Yr first list of words in section 8 on p.10 of th jurnl (1987 No3) is blissful! Al my pupils hav pronounced every as evry, and speld it that way. They rite cum, sum, but that is too big a chanje.
Why hav u kept th <e> in ranje, exchanje? Surely it was ther to make <g>=<j>, not as a majic <e>, which rarely gos thru two letrs?
(It is tru majic <e> rarely relates to a vowl folod by two consnnts, but ther ar a few patrns like waste, table, chanje, wher majic <e> is needd to distinguish thm from last, rabl, flanj, etc. - Ed.)
From Roger Gleaves, Wandsworth, London:-
Having put Cut Spelling to the test I find a number of points that puzzle or irk me.
I know double consonants are not liked, but when both are pronounced, then should they not both be written (e.g. unnatural?)
(Maybe so - but even hyly litrat peple make mistakes over this now, riting openess for instance. Th idea is to make things as simpl as possbl. No dout this question wil need mor discussion. - Ed.)
Gret, brek etc. do not read as they are intended to be pronounced, and would confuse, I submit. Likewise qite.
(Certnly gret, brek ar not ideal, but they ar closer to th sound than great, break, which look like rhymes with beat, leak. Th only alternativ is actuly to chanje letrs, wich CS delibratly avoids as it afects th apearance of words too much. Regarding qite, a new refinement of CS is now to keep <u> aftr <q> wen it is pronounced, so we rite quite, but mosqito, tecniqe.-Ed.)
From Traugott Rohner, Winnetka Illinois:-
In your system, I would not use th for the even tho I think th a desirable change. Why? Simply because th will receive more resistance from English speaking people than the change would warrant. There are many arguments for changes (simplifications), but in my estimation it is desirable to make a minimum of them initially. I would like to have more examples of Cut Spelling than the few given in the Cut Spelling leaflet.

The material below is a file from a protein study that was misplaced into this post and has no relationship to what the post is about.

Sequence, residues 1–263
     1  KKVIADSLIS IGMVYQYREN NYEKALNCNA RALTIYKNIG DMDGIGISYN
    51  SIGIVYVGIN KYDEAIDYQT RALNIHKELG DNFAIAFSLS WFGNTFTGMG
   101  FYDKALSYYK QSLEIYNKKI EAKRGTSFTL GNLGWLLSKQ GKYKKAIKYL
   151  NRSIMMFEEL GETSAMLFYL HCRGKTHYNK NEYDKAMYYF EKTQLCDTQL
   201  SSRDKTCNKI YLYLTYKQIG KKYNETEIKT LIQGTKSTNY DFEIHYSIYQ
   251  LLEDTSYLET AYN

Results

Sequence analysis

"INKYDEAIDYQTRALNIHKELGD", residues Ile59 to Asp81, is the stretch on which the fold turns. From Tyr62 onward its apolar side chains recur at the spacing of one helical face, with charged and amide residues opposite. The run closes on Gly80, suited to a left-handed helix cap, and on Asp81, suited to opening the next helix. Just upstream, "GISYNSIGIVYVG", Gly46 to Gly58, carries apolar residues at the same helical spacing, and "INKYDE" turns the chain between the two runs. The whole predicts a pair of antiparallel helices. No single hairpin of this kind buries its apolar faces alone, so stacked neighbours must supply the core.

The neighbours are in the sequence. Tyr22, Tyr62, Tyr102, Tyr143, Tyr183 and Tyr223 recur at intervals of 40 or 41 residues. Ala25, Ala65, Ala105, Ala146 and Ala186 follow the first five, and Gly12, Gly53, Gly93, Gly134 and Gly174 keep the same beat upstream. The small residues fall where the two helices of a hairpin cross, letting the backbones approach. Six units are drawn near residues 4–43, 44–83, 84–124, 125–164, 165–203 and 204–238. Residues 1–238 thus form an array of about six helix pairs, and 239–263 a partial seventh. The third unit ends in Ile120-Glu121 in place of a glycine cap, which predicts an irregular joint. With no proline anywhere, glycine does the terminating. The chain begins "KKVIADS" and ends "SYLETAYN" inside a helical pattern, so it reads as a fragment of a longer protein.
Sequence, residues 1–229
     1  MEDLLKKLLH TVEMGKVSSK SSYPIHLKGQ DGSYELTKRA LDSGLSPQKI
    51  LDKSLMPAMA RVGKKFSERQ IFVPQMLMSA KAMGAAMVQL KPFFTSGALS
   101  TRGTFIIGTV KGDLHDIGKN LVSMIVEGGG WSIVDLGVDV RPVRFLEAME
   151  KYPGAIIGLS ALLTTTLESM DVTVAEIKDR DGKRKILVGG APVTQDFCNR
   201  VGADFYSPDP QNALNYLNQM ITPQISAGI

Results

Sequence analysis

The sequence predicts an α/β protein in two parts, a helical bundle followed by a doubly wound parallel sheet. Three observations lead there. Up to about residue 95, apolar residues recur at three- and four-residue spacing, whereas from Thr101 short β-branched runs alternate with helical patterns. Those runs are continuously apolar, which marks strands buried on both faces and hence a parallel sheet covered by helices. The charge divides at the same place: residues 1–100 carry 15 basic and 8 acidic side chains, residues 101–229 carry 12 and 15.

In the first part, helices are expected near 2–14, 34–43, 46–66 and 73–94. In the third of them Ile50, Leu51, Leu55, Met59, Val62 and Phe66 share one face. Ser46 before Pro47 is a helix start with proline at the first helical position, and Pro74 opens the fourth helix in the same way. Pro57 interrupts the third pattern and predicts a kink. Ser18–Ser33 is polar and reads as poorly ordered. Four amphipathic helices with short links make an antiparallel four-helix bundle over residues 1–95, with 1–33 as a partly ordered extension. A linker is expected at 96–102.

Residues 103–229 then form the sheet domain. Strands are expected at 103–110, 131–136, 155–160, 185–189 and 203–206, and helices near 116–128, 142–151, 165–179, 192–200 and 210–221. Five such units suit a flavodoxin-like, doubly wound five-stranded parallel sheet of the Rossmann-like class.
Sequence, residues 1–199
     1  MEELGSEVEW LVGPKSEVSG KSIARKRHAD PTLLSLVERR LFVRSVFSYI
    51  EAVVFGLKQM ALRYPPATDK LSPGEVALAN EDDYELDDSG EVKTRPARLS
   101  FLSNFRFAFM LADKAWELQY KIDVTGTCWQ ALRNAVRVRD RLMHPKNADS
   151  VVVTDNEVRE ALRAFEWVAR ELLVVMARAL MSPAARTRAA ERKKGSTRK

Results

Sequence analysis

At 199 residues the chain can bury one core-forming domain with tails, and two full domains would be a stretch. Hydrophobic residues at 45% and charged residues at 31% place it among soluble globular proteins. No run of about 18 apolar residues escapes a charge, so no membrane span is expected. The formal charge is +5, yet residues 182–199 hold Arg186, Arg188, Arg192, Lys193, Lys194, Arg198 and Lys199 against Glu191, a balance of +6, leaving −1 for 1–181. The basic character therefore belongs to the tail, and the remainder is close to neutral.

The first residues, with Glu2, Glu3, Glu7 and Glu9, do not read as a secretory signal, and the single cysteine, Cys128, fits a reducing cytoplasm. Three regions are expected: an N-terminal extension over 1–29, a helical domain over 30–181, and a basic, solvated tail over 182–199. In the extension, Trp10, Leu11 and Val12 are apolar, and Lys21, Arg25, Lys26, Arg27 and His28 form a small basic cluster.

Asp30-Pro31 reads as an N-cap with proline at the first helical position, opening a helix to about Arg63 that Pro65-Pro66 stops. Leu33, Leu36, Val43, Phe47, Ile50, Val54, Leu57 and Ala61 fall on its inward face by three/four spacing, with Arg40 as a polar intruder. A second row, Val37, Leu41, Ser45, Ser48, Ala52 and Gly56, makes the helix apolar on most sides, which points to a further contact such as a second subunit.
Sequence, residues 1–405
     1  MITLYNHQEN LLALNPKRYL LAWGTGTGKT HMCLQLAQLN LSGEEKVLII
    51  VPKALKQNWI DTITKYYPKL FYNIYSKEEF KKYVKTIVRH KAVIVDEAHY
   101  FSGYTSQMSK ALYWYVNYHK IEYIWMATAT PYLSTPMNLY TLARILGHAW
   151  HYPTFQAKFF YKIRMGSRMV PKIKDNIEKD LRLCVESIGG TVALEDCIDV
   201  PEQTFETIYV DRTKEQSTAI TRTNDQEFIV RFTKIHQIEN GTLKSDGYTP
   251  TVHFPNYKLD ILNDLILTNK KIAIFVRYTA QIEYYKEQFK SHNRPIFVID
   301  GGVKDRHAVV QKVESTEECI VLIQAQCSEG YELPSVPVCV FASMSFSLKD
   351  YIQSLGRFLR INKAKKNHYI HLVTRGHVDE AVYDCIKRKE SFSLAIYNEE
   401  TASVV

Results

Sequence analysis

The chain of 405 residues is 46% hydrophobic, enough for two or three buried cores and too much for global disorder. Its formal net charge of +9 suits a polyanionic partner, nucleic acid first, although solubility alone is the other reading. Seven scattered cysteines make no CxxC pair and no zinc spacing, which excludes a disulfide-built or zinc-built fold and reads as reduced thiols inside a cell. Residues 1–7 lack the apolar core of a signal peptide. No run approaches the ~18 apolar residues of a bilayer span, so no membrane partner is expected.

Japanese LearnersFrom Professor Th R Hofmann, Hokuriku University, Japan:-
[See Journal, Newsletter and SPB articles by Thomas Hofmann.]
The usual problem is not spelling - Japanese seldom mistake that, for they commonly learn (or appear to learn) the spelling of a word long before they hear it, & often enough with a pronunciation given in katakana, a phonetic writing system excellent for writing Japanese (& horrible for English - not distinguishing /b, v; r, 1; a:, ʌ; ɒ; ɔ/ and so on). So there are some predictable errors, & some more, but in pronunciation, not spelling. They do not seem to be distracted much by strange spellings, as
i. they are used to kanji, which often have unpredictable pronunciations, &
ii. they are seldom taught the correspondence between (vowel) letters & sounds. I am laying some emphasis on that (<ĭ>=[I], <ě>=[ɛ], <ī>=[ay], <ē>=[i:], etc) & a few Japanese professors are moving in that direction - after which (10-30 years from now) we might find spelling &/or pronunciation errors of the English kind. Unfortunately, most British (tho not US) dictionaries now use IPA for pronunciation, so it is an uphill battle. Perhaps you could advise?
(Does John Skelton's article on romaji [p.23] suggest some ideas? If the sound-symbol correspondences of romaji were applied to English, that would be some progress! - Ed.)
Homonyms in FrenchFrom Susan Baddeley, HESO, Centre National de Recherche Scientifique, Paris, and AIROE:-
[See Journal articles by Susan Baddeley.]
I was very interested in the article about homonyms in the SSS Journal 1987/l. The question is rather more complex in French: whereas in English they tend to go by pairs, in French you often get whole series of them (like vin, vin, vingt, vint, vînt, vain or saint, sain, sein, seing). A lot of homophones rely on mute final letters rather than on, say, different ways of transcribing vowels, and the final mute letters are often lexical morphemes pronounced in the derivatives (such as saint/sainteté). A lot of our future Historical Dictionary is taken up with homophones: many of them were created in the 16th century, when, with the extensive use of etymological letters, it became possible to distinguish between pairs like conte and compte, and dessin and dessein which are of the same origin, and which were formerly spelt in the same way. As we stand at the present, we don't plan to simplify homophones.